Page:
Dear Eurovision Fan, I want to talk to you about something that may be of interest to you. I want to engage with you in a very specific way, and if possible, on terms that suit us both. By doing this, I hope to manage the way in which you form an opinion about me.
What is it that I’m talking about? Public Relations. Or, as it’s more commonly known, PR. The UK’s Chartered Institute of Public Relations has a very succinct, if not vague, definition of PR:
Public Relations is about reputation – the result of what you do, what you say and what others say about you.
PR at Eurovision
We all know PR exists and most of the time we know when we’re being targeted/engaged with (delete as appropriate!) by those that practice the art. But for many, it’s still something of a nebulous concept. In a world of globalisation and increased interconnectedness, PR is becoming even more critical for those whose fate rests on public opinion. At Eurovision, it’s therefore unsurprising that artists (and the teams that manage them) are focussing heavily on PR. But what is its true value and does it really help a nation’s entry at the Eurovision Song Contest?
In the past there have been some notable instances of good and bad PR at Eurovision. You can see why a country’s delegation may consider it to be an important factor in a successful campaign, especially when asking for international public votes. But a campaign can quickly change course and start heading in the wrong direction.
In 2014, the Armenian entrant, Aram MP3, made homophobic comments about the Austrian entry of that same year. Conchita Wurst is the drag creation of Tom Neuwirth and was the representative for Austria in Copenhagen. Aram MP3 was the bookies pre-contest favourite and was in line for a potential Eurovision victory. After his comments in which he called Conchita “not normal”, the Armenian’s odds slipped drastically. Admittedly, there was a series of underwhelming rehearsals and a Grand Final performance that didn’t quite live up to the early hype, but the press wasn’t exactly prepared to help Aram MP3’s cause. The fall from grace was complete. He finished in 4th place and as for Conchita? Well, you know the rest!
A year later – thanks to the “Rise Like a Phoenix” singer’s victory – we were in Vienna. It was here where we saw an example of really good PR, and yet again it involved Conchita. Aram MP3’s previous comments paled in significance compared to the political maelstrom that followed the Austrian’s win. At this time, there was a lot of anti-Russia sentiment due to the country’s discriminatory LGBTQI+ laws. Furthermore, the annexation of Crimea by Russia was still in the news water supply across Europe. In short, these themes were a hot topic and headlines appeared everywhere, pitting notable LGBTQI+ allies against Russian figureheads.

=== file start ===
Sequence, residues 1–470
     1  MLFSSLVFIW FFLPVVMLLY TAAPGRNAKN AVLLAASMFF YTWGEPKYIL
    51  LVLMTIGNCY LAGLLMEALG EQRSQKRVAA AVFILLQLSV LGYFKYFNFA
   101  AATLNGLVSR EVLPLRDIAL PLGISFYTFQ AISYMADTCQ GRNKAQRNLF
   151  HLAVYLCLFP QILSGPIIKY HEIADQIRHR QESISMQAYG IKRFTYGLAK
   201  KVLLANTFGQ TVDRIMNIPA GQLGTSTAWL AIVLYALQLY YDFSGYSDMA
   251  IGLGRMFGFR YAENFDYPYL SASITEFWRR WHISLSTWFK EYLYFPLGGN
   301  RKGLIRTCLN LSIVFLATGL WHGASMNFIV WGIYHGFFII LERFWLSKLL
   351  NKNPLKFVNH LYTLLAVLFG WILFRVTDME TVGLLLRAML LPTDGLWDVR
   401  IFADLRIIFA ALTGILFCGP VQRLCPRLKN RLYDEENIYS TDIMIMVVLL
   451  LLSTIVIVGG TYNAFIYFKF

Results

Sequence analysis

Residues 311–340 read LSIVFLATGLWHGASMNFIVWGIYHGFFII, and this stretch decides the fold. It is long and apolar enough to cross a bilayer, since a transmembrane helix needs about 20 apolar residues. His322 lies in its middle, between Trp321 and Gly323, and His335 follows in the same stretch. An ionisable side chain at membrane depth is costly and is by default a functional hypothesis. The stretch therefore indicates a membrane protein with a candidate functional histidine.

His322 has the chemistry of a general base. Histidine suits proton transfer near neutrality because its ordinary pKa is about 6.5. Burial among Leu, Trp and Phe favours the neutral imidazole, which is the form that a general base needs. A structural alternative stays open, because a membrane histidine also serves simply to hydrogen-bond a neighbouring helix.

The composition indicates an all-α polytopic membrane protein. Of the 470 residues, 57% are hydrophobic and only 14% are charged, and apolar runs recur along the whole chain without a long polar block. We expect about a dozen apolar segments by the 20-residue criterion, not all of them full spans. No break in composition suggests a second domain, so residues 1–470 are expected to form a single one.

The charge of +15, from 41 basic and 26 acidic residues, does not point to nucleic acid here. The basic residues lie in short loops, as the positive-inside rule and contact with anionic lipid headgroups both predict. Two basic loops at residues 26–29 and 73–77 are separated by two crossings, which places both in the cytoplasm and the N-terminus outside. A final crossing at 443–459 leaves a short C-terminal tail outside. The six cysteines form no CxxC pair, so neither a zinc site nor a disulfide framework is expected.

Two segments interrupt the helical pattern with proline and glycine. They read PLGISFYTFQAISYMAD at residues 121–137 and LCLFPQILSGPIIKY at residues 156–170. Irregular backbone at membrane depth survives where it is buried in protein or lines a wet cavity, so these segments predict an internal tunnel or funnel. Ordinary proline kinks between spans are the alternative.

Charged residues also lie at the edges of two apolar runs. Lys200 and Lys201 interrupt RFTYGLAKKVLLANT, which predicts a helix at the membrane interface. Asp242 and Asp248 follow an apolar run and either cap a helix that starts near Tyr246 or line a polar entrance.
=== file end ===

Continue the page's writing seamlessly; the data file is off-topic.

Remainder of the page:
*Enter Conchita Wurst*
She was labelled ‘an abomination’ by the Russian Orthodox Church and even Vladimir Putin had something to say about the Austrian. The Russian President said that it was “important to reaffirm traditional values”, in a speech that indirectly took a swipe at Conchita.
If Russia can do anything well, it’s PR. The Russian delegation in Vienna knew that they had to counter the nation’s poor image, especially when asking for international votes. Not for the first time, Russia had a song about peace, sung by an beautiful female vocalist. Polina Gagarina was the latest iteration of this type with “A Million Voices“. The aim was to charm everyone in sight and keep the publicity positive and non-political. With Conchita as the ‘Green Room’ host in 2015, this presented a real opportunity for Russia. Cue an extremely media-friendly, ‘chance’ encounter between Conchita and Polina. This meeting was actually beneficial for both artists. Polina showed the world that she was embracing that year’s Eurovision slogan ‘Building Bridges’, and Conchita continued her own theme of equality by showing ALL of the 2015 artists love and respect.
How important is PR at Eurovision?
So, let’s return to the question posed above. What is the true value of PR at the Eurovision Song Contest?
It’s a fact that Aram MP3’s stock fell after his comments in 2014, but 4th place is still an excellent result. Just because you’re favourite with the bookies, it doesn’t mean you’ll be lifting the trophy when the credits roll. Ask Italy’s 2017 entry, Francesco Gabbani! Conversely, Polina Gagarina sung a very good song flawlessly in 2015. Her 2nd place finish was hardly down to good PR alone.
Honestly, I do sometimes think these stories seem much bigger inside the Eurovision fan bubble than they are outside in the great wide world. If you bring a good song with a strong artist, and you create a stage performance that makes people sit up and vote, you’re already looking at the left-hand side of the scoreboard. Coupled with sheer luck, PR can bolster a nation’s bid for Eurovision glory, but only as part of a well put together package. As our friend, Hera Björk, would tell us: You need that “special something”, that “je ne sais quoi.”
So what is the true value of PR at the Eurovision Song Contest? Unless you have a time machine, this is impossible to answer.
Can you think of any examples of good and bad PR at Eurovision? Do you agree with some of the statements made in our article? Let us know in the comments below and also on Twitter @ESCXTRA.
*Read Part 2 in this series where we’ll be looking at the PR winners and losers of Lisbon 2018.*